Our calculations suggest that the removal of the interest subsidy (i.e. a switch from the new system to variant 1) would amount to the equivalent of removing an average upfront grant of around £2,465 for each female graduate and £2,880 for each male graduate (whilst the additional cost to the graduate of the ‘NZ system’ relative to the new system would be around £1,935 and £2,280 respectively).

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However, as can be seen from Table 5, these savings for the exchequer and costs to the graduate would be highest for men in the 2nd to 4th deciles of the male graduate lifetime earnings distribution and for women in the 5th to 7th deciles of the female distribution. The very lowest female earners would lose relatively little from the removal of the interest subsidy, since many are protected by the provision for debt write-off after 25 years.

Table 5

Average Additional Costs to Graduates of Removing Interest Subsidies, relative to the New System, by Decile of Graduate Lifetime Earnings Distribution

Variant 1, 2.5% real interest Variant 2, ‘NZ system’ Decile of lifetime earnings distribution

Women Men Women Men

Poorest £370 £2,925 £300 £2,120 2nd £1,015 £3,490 £820 £2,580 3rd £1,825 £3,390 £1,450 £2,540 4th £2,615 £3,170 £2,080 £2,455 5th £3,210 £3,010 £2,470 £2,380 6th £3,420 £2,850 £2,575 £2,305 7th £3,355 £2,710 £2,555 £2,250 8th £3,155 £2,550 £2,465 £2,155 9th £3,000 £2,460 £2,410 £2,070 Richest £2,670 £2,235 £2,240 £1,930 All £2,465 £2,880 £1,935 £2,280

Other options for reducing the taxpayer cost of graduate loans include extending beyond 25 years the length of time after which the loans are written off or reducing the repayment threshold – for example, by removing the default indexation provision after 2010 – so that its real value erodes over time.20 It should be noted that both of these options would affect low lifetime earners more than the withdrawal of the interest subsidy.

20

The current system of uprating the £15,000 threshold in line with inflation means that, year on year, the system becomes less progressive for relatively low earners. This is because the threshold increases at a relatively slower rate than earnings. So, each year, fewer and fewer individuals have earnings below the threshold, and therefore the subsidies to these individuals are lower. Indeed, considering the effects of the reforms for graduates in 2009 rather than 2011, as in previous versions of this paper, we see that the system is less progressive for the 2011 cohort of graduates for this reason. This is unlike the situation in Australia, for example, where the threshold is set relative to average earnings to ensure that the progressivity of the system remains.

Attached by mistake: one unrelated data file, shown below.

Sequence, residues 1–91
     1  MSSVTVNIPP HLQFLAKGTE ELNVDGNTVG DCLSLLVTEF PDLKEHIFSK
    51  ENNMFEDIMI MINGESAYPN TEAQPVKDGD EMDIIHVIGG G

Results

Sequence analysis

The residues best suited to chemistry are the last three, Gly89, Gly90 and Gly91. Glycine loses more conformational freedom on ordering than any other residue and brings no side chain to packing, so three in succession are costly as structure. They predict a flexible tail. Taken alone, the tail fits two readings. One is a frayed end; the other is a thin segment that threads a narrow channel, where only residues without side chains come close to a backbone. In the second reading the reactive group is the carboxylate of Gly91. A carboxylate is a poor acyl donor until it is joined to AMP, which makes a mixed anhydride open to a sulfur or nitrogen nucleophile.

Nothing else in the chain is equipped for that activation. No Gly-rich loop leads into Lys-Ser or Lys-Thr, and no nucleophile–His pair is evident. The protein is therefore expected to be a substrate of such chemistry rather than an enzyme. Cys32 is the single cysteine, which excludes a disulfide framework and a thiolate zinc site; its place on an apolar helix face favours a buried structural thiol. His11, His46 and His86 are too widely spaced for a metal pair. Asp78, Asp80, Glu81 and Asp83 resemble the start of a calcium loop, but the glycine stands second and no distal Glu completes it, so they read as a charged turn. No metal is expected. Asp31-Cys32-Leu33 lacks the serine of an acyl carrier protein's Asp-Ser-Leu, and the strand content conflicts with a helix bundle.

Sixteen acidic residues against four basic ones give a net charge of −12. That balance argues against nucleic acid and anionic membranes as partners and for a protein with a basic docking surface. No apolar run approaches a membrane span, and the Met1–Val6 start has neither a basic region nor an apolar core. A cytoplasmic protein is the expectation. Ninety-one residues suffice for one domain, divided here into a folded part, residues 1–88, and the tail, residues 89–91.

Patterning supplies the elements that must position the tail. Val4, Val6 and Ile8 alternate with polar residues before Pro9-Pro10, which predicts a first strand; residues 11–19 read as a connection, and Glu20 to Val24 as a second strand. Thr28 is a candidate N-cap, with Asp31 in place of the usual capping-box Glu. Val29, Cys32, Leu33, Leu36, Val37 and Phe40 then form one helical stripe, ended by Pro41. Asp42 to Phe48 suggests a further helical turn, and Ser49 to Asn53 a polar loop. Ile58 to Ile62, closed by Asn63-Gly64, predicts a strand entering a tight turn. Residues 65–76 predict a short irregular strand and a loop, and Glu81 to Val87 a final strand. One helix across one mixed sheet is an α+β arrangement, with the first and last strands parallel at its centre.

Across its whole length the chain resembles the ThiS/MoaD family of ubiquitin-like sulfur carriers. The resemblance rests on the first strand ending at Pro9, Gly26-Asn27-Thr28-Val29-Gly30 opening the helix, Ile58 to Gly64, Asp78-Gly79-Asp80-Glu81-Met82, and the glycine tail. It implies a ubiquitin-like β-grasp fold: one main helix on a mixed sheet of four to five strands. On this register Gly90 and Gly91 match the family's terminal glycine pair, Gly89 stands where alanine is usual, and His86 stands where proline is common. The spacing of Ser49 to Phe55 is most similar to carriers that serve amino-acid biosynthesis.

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Another alternative, and a potentially revenue-saving reform to the loan system from the point of view of the exchequer, is to offer students the choice of a discount on their fee if they pay upfront. For example, in Australia until 2005, students had the option of paying the fee upfront at the beginning of each academic term, at a 20% discount.21 According to our calculations, just over half of women and around three-quarters of men would benefit financially from this option in England.22 These are individuals whose earnings are sufficiently high that they would not gain much from the fee loan subsidies. This means that a substantial proportion of people would lose out financially if they were to go for the discount option, and only those students who have information to suggest that they will fall into a relatively high earning category should consider taking the discount.23 Note also that risk-averse students (or their parents), who might prefer to pay off a fixed sum while studying, could lose out financially from this decision.

Finally, it is worth considering what the additional costs to the graduate and exchequer might be if the fee cap, currently imposed at £3,000 per year, were lifted to £5,000. Fig. 11 shows that of the extra £6,000 in fees over a three-year course that such a lifting of the cap would imply (i.e. an additional £2,000 per year above the current £3,000 cap), a very substantial proportion would in fact be covered by the taxpayer rather than by graduates, because of fee deferral. On average, female graduates would have to contribute £3,300 extra in total towards the increased fees (or 55% of the fee increase) and male graduates would have to contribute around £4,400 (73% of the fee increase), but the amount payable would be strongly increasing in lifetime earnings. Notice that the taxpayer subsidy for additional fee increases is greater than the average subsidy calculated for a loan of £18,340 (Table 4), since the income-contingent system combined with the zero real interest rate means that each additional £1 borrowed comes at a greater cost to government and a lower cost to the borrower. Clearly, any increase in the fee cap would boost universities’ income but at

21

This was reduced from 25% in 2005. The proportion of eligible students choosing to pay upfront was just over 20% in 2002.

22

These figures are calculated by comparing the sum of the net present value of total fee and maintenance loan repayments with the sum of the discounted value (at 80%) of upfront fees and the net present value of maintenance loan repayments.

23

Note that the levels of uncertainty in future earnings and employment, which are at the core of this paper, would render this an extremely difficult decision for the student.